Northern Ireland's beleaguered retail sector continues to struggle, although shopper numbers improved slightly after summer, new figures suggest.
A report published today shows more people hitting the shops in September than in the previous three months, due to good autumn weather and an extra bank holiday trading day.
But the Northern Ireland Retail Consortium/Springboard Footfall research also found a 0.7% drop in the number of people passing through stores here last month than a year earlier.
High streets and shopping centres reported falls of 1.4% and 1.3% respectively, with only retail parks boasting a 4% rise in shoppers.
Aodhan Connolly, director of the Northern Ireland Retail Consortium (NIRC), said the figures show "the volatile nature" of the local retail market.
"Although this is our best footfall result since May 2015, it is still a fall of 0.7% and the 12 month average is still -1.2%," he said.
"Retail has made a clear commitment to Northern Ireland but for us to continue to invest, grow employment, and bring great value to consumers here, we need government support.
"Uppermost is the need for fundamental reform of business taxes in Northern Ireland."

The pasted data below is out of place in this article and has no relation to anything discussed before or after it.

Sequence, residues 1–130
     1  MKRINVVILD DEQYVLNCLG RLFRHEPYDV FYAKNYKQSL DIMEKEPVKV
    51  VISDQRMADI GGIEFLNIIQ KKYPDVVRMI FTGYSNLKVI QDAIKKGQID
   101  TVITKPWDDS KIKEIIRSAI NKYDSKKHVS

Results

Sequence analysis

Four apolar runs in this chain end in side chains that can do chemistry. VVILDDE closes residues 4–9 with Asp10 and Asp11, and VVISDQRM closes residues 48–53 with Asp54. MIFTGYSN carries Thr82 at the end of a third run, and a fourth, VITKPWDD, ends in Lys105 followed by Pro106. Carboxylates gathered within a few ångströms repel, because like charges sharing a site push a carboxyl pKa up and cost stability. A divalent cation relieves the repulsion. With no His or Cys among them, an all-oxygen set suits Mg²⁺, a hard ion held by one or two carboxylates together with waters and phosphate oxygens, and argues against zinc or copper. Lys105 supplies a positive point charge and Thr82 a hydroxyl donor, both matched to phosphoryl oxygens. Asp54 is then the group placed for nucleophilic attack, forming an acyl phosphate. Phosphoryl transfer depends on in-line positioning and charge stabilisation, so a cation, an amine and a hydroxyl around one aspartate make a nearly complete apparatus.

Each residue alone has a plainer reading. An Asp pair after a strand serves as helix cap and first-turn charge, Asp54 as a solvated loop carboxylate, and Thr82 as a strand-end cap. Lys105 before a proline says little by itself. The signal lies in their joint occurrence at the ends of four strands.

Local retail expert Donald McFetridge, who is based at the Ulster University, put the fall in numbers down to online shopping and penny-pinching.
"There has been a definite upsurge in online shopping as it's so easy to go to the internet for what you need," he said.
"It's probably also because consumers are putting more money into savings these days before committing themselves to purchases, so they're staying away from the shops to avoid temptation."
Diane Wehrle, Marketing and Insights Director at Springboard, said the large number of empty shops in the local retail sector presented opportunities.
"Northern Ireland's vacancy rate of 17.3% remains stubbornly high, but offers owners the opportunity to market their empty units to pop-ups," she said.
"With more property owners now comfortable with pop-ups, flexible leases are increasingly available, bringing much-needed brands into empty space."